- Blog Post
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The initial framing of Weisman’s article is just way, way off. Social security in no way faces a day of reckoning in 14 years, as Weisman implies. Rather than taking the Administration’s talking points seriously, the press should simply highlight how ridiculous they are.
Consider the following example: Suppose I bought a 15 year treasury bond that matures in 2020. The Treasury does not sell 15 year bonds, so this is a bit of a thought experiment. Do I have a problem in 2020? Do I face a day or reckoning in 2020?
Of course not. I have a financial asset. I am better off in 2020 than I would have been had I not bought the bond.
Social security expenditures will exceed its payroll tax revenues in 2018. So what? Social security has built up assets over time, since from the 80s on payroll taxes have exceeded social security benefits. It bought a lot of US government bonds with its surplus. Social security can sell some of its assets to cover the gap between its expenditures and its revenues. That is the point of saving -- it lets you spend in excess of your income in the future. The Trustees forecast those assets will last til 2042, using VERY conservative assumptions. The CBO forecasts those assets will last until 2052 [Corrected, Brad -- I initially eyeballed the graph, instead of looking at the text, my apologies]. That’s pretty good.
Unless the US treasury cannot make good on its promises -- something that truly would change international financial system -- social security does not face a day of reckoning in 2018. When a bond you own comes due, you have the right to redeem it -- or in the case of social security, at least to collect the interest on your bonds (remember that right now social security is both taking in $68 billion more from the payroll tax than it spends on benefits and is lending the $85 billion interest it recieves on its existing holdings of bonds back to the rest of the government ... in total, social security is providing over $153 billion in financing to the rest of the government)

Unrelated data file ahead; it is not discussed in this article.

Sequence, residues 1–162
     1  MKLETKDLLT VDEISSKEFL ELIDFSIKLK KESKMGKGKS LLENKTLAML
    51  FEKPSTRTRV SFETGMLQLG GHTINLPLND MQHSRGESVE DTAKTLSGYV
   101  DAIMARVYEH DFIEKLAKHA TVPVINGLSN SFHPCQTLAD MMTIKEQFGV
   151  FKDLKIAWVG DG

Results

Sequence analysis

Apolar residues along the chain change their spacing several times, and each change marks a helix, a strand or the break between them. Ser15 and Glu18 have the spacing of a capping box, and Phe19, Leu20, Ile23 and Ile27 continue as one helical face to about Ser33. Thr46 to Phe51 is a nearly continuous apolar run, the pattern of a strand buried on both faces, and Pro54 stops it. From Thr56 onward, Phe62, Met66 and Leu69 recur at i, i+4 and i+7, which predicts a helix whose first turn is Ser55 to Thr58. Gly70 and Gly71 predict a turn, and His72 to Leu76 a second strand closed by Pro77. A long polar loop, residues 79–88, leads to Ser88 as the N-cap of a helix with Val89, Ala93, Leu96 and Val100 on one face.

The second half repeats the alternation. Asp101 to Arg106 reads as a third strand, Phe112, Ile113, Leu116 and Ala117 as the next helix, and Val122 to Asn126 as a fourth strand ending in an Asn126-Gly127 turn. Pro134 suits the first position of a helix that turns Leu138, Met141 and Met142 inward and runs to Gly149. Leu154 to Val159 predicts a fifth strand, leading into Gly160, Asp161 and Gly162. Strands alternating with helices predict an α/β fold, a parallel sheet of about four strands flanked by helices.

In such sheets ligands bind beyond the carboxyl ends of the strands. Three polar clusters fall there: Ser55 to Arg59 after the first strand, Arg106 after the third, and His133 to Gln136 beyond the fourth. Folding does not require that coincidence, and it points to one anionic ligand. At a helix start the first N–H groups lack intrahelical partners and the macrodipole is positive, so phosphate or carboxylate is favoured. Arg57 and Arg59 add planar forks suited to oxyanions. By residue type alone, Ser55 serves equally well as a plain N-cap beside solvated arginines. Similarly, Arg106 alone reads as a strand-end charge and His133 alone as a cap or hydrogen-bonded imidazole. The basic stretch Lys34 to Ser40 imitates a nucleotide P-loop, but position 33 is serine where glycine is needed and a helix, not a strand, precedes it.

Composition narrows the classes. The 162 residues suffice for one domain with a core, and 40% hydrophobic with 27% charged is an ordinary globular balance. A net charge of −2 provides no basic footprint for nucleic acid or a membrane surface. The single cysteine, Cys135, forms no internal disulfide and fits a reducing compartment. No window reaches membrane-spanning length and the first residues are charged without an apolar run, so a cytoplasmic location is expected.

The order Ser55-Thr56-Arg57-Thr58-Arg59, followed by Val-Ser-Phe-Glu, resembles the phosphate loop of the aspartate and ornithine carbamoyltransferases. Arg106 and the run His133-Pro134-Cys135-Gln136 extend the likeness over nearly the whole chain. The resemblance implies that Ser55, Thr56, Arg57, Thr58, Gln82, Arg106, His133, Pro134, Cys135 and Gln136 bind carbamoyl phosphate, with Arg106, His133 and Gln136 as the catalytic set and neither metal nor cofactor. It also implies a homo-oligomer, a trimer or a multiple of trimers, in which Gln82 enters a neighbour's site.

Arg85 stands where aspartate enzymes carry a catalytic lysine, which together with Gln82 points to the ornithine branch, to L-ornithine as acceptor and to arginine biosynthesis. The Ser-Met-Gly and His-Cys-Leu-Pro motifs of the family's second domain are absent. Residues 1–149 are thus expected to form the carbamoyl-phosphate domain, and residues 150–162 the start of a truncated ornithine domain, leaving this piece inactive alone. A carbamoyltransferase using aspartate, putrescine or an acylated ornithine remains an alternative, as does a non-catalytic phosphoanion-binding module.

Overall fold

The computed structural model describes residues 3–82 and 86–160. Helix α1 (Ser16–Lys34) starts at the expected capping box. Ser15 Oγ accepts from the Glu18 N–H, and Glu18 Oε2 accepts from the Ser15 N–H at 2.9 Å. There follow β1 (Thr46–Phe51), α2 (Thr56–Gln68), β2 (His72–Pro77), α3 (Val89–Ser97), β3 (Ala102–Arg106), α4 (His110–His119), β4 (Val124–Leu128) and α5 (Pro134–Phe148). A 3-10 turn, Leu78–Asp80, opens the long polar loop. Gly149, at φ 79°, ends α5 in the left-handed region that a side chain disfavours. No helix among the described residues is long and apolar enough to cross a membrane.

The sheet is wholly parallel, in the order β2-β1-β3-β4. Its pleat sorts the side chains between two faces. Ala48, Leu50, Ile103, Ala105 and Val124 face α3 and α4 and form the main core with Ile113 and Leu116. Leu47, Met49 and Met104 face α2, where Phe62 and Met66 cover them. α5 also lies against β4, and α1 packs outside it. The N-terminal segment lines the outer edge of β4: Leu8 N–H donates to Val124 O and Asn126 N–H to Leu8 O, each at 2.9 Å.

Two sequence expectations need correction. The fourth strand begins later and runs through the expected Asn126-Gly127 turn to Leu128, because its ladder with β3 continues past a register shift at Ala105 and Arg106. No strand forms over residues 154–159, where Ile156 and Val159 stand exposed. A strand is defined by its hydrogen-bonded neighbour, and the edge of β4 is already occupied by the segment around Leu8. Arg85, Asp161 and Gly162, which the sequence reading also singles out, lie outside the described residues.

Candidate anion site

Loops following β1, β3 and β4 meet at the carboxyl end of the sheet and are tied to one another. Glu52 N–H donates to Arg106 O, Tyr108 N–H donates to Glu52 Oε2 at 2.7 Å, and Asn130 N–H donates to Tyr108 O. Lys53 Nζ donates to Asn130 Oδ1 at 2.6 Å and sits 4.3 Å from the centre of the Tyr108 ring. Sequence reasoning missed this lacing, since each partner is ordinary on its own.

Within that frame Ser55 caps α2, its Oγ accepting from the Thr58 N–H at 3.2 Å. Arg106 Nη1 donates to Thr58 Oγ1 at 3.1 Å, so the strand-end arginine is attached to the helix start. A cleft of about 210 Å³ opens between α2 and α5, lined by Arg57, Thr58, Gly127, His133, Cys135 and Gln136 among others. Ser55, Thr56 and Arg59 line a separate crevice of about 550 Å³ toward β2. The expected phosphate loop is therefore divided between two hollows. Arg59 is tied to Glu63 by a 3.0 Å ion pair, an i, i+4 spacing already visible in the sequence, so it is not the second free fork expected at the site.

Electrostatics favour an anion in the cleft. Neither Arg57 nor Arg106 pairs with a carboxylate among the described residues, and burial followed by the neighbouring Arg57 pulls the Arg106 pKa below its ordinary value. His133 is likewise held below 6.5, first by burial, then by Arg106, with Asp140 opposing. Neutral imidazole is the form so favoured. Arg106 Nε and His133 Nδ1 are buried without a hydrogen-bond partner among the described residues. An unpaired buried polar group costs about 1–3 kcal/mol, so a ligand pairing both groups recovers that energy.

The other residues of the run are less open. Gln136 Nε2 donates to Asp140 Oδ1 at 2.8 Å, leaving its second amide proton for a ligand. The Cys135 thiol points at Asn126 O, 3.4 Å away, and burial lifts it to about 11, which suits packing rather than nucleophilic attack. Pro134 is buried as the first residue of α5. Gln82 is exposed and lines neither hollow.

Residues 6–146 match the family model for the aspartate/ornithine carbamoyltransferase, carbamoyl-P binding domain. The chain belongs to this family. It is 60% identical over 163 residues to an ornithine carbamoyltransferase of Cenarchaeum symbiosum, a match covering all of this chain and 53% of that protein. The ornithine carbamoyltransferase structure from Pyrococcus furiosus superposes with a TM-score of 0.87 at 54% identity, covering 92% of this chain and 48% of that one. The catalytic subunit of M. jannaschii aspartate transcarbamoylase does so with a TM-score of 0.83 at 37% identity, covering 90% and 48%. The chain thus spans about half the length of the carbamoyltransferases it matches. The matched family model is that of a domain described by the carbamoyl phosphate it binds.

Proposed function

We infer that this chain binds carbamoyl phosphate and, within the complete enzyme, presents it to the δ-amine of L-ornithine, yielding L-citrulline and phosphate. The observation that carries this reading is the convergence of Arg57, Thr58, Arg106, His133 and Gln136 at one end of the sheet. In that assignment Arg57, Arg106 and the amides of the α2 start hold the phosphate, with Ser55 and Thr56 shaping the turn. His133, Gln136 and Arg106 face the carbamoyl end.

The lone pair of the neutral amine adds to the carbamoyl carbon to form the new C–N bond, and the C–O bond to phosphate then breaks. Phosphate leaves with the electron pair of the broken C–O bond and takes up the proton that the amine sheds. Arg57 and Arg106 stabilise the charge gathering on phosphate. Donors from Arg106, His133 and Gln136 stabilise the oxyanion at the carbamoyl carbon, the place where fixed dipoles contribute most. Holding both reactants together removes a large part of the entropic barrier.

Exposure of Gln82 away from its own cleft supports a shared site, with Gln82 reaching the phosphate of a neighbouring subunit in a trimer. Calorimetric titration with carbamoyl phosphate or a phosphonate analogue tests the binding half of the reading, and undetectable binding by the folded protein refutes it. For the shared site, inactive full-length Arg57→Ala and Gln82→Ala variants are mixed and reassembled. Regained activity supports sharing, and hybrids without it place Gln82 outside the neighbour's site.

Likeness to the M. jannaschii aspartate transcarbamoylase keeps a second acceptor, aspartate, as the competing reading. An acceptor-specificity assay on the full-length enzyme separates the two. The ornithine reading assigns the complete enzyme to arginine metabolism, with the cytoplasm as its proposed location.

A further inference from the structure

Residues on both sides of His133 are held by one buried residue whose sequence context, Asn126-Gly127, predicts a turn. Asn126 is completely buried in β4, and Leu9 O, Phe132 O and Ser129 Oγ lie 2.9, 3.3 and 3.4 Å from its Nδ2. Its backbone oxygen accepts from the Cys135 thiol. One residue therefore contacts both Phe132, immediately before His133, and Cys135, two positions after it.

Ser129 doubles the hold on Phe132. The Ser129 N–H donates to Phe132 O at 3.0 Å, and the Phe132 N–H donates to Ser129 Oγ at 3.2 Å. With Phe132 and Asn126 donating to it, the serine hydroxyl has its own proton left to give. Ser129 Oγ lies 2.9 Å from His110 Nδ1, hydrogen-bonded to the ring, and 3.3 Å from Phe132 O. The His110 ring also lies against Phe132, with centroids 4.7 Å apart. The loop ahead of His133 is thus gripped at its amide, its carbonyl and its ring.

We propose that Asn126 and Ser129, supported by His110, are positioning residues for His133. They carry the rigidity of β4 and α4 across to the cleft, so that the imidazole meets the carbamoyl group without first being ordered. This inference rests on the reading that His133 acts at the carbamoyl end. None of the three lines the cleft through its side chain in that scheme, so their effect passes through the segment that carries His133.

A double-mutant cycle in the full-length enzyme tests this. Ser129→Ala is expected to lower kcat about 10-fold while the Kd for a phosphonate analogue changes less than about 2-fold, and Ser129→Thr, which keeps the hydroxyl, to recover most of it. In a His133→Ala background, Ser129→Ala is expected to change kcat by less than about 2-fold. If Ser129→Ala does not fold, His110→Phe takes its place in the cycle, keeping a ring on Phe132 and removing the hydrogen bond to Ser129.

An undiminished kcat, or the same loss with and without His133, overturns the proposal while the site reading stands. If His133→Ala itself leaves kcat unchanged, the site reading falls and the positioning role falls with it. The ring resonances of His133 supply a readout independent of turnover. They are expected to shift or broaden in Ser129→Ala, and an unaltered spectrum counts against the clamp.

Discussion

Don’t forget that the government -- the non social security part -- has expenditures well in excess of revenues RIGHT NOW. Dick Cheney apparently thinks cash flow deficits that have to be financed by issuing tons of debt don’t matter, but cash flow deficits than can be financed by drawing on the interest from your stock of existing assets are a real problem ... interesting financial logic.
An aside: Anyone writing about the social security ought to read both the Trustees and the CBO report. I do have one quibble with the CBO though: its graphics subtly suggest that social security is in much worse shape than it really is. The main graphs focus on payroll taxes v. expenditures, and the graph has been chopped off to magnify the apparent size of the shortfall (the graph starts at 3% of GDP, not 0%). The CBO also buries the key graph showing when the Trust Fund runs out -- i.e. when the gap between payroll taxes and promised benefits can no longer be financed social security’s assets. Looking just at the graphs, it is not obvious that the CBO thinks the system is in better shape than the Trustees ...